Molycorp is filing for Chapter 11 bankruptcy

June 25, 2015, 12:02 PM UTC
Molycorp Mountain Pass Rare Earths Mining Facility
Rocky Smith, plant manager of Molycorp Inc. Mountain Pass rare earths mining and processing facility, holds a handful of rocks containing rare earth elements during a media tour in Mountain Pass, California, U.S., on Monday, Dec. 13, 2010. Molycorp Inc. said it has secured the last of several environmental permits necessary to begin a $500 million modernization and expansion project at the mine. Photographer: Jacob Kepler/Bloomberg via Getty Images
Photograph by Jacob Kepler — Bloomberg via Getty Images

The only miner and producer of rare-earth elements in the United States has gone belly-up.

Molycorp, which mines 15 elements used in magnets, batteries, and other products, filed for Chapter 11 protection on Thursday after failing to turn a profit since 2011.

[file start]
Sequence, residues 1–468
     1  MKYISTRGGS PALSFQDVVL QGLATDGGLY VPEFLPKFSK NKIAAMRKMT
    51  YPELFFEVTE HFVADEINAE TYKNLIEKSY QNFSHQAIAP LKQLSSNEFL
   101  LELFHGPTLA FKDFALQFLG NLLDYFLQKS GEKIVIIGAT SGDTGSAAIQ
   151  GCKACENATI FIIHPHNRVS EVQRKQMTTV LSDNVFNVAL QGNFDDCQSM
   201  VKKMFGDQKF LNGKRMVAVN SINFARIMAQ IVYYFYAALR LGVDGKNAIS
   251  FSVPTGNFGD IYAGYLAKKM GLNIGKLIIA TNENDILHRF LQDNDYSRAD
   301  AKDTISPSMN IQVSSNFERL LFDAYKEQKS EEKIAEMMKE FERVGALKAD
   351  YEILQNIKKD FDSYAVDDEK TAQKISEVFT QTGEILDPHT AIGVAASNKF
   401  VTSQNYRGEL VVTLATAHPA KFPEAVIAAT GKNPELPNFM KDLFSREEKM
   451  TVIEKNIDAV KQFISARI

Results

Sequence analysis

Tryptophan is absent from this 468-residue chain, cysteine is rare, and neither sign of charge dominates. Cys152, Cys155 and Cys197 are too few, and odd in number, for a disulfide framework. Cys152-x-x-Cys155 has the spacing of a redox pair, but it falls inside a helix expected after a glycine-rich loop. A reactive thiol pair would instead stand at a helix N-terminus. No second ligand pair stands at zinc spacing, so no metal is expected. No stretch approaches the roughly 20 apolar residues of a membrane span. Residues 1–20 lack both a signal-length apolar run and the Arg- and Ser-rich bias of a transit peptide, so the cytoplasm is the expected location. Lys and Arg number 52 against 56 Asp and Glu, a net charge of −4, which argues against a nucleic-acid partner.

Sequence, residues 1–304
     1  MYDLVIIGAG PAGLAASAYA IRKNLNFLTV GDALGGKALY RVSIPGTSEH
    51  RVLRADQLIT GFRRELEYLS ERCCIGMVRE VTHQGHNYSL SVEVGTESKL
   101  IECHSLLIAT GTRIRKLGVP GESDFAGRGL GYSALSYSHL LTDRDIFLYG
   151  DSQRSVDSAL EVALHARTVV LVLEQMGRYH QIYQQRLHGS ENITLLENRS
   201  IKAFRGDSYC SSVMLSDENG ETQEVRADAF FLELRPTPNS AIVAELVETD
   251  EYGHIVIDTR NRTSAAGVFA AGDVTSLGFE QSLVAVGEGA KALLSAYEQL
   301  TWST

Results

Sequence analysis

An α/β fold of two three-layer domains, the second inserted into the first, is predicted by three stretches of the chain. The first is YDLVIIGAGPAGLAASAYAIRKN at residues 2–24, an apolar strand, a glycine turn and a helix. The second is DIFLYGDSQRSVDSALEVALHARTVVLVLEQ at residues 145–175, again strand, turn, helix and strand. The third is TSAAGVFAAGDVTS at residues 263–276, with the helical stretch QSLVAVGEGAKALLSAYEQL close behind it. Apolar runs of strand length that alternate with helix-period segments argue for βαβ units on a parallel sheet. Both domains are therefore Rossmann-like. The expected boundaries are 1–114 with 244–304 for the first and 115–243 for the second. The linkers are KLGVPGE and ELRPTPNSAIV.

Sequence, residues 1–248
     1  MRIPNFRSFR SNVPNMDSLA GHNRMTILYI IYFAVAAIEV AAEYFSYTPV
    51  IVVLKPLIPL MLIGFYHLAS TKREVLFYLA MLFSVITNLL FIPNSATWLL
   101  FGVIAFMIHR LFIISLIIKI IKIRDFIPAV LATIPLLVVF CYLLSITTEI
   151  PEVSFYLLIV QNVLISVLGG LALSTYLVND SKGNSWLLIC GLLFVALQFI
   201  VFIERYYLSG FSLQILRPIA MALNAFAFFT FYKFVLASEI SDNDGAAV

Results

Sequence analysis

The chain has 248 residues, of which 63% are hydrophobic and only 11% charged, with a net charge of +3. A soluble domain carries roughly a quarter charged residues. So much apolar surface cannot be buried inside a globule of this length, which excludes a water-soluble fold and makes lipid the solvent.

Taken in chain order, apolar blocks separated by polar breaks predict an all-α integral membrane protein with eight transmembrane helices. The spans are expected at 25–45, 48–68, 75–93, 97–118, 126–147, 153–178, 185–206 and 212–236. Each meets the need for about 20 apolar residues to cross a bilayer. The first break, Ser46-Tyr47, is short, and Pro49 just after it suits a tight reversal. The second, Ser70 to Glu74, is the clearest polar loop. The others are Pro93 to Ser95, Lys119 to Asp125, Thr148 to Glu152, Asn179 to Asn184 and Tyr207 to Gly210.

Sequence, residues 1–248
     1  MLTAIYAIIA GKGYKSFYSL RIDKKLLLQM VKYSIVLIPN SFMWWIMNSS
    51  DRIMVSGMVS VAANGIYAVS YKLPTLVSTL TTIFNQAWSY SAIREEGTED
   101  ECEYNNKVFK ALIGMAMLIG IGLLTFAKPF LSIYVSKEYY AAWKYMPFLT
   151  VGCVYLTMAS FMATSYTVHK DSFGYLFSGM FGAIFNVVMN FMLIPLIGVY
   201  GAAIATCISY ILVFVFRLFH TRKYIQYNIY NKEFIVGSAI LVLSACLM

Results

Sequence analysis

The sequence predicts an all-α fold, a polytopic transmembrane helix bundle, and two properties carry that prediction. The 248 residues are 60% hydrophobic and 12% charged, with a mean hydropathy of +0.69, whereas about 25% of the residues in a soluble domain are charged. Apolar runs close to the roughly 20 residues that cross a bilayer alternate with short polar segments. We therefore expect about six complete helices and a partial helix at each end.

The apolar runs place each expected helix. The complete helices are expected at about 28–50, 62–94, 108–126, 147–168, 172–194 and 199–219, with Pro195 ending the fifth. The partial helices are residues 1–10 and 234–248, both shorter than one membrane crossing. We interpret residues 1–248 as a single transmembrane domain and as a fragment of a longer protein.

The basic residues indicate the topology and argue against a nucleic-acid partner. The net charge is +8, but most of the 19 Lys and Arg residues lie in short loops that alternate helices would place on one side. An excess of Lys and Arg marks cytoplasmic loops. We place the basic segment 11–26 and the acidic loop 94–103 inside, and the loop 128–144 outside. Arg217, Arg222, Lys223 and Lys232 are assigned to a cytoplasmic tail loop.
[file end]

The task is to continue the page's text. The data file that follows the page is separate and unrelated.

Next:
Five years ago, Molycorp was flush with a market value $6 billion because China, the world’s most dominant supplier of rare earths, had restricted their exports. But those fortunes faded when China eased its export rules and as magnet and battery makers turned to rare earth alternatives.

Rare earths are considered a vital resource particularly because they are used in military electronics. The United States government has its own stockpile of such elements so it has no plans to bail out Molycorp, according to statements given to The Wall Street Journal by Defense Department officials.

The Colorado-based company said in court papers that it’d secured $225 million in new financing and brokered an agreement with creditors to restructure its $1.7 billion in debt.